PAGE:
I thought I was being brave, at the time. I didn’t understand what “stubborn” meant in situations like that. Looking back, I sometimes think I should have relented. Given in.

“These are haram! What will Allah, subhana wata’ala, say to me on Judgement Day? I’ll go to hell because of you!” She shook me hard, as if it could help instill the notion into my brain.

“But I’m fifteen – ”

Ikhrasi!” The word silenced me. Her hand unclenched and I immediately cradled my arm, running my fingers over my bruised skin. She reached towards my dresser and I moved to stop her.

“No, please, I won’t wear them anymore, just don’t – ” She ignored me and plucked the scissors from the jar on the dresser, cutting jaggedly into the shorts before dropping the scissors and ripping through the denim with her hands.

She held the two pieces in front of my face. “Are you happy now?” She threw them at my face, as if she was tossing a used Kleenex in the garbage, and walked towards the door. The remnants of my favorite shorts slapped my face, making my eyes water.

“Oh, and habibti?” I looked up to see my mother near the entrance to my room. She gave me a cheerful smile. “Throw away all the rest of your shorts, too.” She was gone as quickly as she came.

I kneeled next to my suitcase, torn shorts in hand. I folded each piece neatly before placing them in the pocket underneath the flap. I turned and reached under my bed, feeling between dustballs and old toys. My hands found a leather box, which I set on top of my bare mattress. I opened the lid and pulled out a spool of dark blue thread, a thimble and a needle. I bound them together with some spare string and tied a bow using the same “loopdy-loop and pull” trick Mickey Mouse taught me to tie my shoes.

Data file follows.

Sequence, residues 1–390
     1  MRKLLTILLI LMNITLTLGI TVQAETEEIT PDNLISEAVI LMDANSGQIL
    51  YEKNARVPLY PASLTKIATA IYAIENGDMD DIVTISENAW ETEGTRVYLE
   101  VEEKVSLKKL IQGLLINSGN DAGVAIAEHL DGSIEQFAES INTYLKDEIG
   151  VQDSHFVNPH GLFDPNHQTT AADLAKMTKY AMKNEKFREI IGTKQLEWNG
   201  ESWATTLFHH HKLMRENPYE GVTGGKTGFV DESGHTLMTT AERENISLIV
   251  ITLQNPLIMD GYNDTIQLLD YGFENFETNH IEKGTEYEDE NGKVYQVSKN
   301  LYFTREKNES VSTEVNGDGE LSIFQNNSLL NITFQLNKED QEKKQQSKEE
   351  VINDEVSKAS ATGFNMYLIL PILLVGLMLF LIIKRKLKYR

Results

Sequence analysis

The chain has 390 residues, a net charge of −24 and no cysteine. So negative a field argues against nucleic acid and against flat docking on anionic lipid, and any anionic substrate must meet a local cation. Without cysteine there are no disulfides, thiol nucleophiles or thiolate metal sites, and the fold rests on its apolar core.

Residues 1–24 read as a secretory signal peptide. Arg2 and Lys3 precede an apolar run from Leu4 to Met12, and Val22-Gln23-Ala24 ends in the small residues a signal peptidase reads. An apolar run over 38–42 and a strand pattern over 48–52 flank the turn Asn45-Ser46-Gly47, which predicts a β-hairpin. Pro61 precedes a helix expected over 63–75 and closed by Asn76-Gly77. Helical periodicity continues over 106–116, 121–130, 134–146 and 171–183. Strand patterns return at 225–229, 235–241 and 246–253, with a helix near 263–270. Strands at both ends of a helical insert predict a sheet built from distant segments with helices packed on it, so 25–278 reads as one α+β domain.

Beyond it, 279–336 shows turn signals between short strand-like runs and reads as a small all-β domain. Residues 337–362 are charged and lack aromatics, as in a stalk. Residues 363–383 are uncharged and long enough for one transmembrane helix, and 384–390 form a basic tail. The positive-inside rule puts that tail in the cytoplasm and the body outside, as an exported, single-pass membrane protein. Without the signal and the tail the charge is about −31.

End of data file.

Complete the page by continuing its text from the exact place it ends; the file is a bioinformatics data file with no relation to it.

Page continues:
I stored the sewing bundle underneath my shorts, in my suitcase and away from my mother’s sight.

A knock on the door jolted me awake.

“Jenna? Jenna what’s taking so long?” Another knock, this time louder.

I let out a deep breath I didn’t know I was holding in. The knocks persisted. I picked up the wine bottle near my feet and took another swig. The bitter taste sat in my mouth and I grimaced. I held the wine away from my face and squinted at the label, trying to make out the words in the dim lighting of the bathroom. The bottle was the nicest, cheapest one I could find on the shelf. Something generic, but it had a picture of a vineyard on it, so legitimate enough. How should I know, anyway? I was only 20.

“Jenna!” Noise, so much noise. The shower was running at its highest setting – the water slammed against the plastic, drowning out the noise of the glass bottle clanking against the tile floor.

My sister slammed her fist against the door one last time, and my head ached from the impact. Footsteps marched away in apparent anger. I chuckled morbidly and held the bottle in the air – toasting to an invisible friend – before draining the last of the cheap wine. I could hear screaming from the living room. She had gone to complain to my parents.


I stood up, only slightly swaying. My iPod fell off my lap, still repeating my most frequently visited playlist. Sorrow, I had aptly named it. I cringed at my own dramatics. I picked up my phone, absently browsing through user-generated playlists on the 8tracks app, before settling on oldies. I stepped under the steaming water, letting the sweet melody of Marvin Gaye steep into my drunken stupor.

Featured Image by Stephen Brace (CC BY 2.0)

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About The Author

Rayane Keeves

Rayane Keeves

Rayane is a Boston-born expat living in the Middle East. She spends all of her time in yoga studios, but quarters off an hour each day to enjoy a steaming cup of Turkish coffee next to a Mediterranean sunset. Rayane says social media makes you antisocial, so you'll have a hard time reaching her if you're not chatting face-to-face.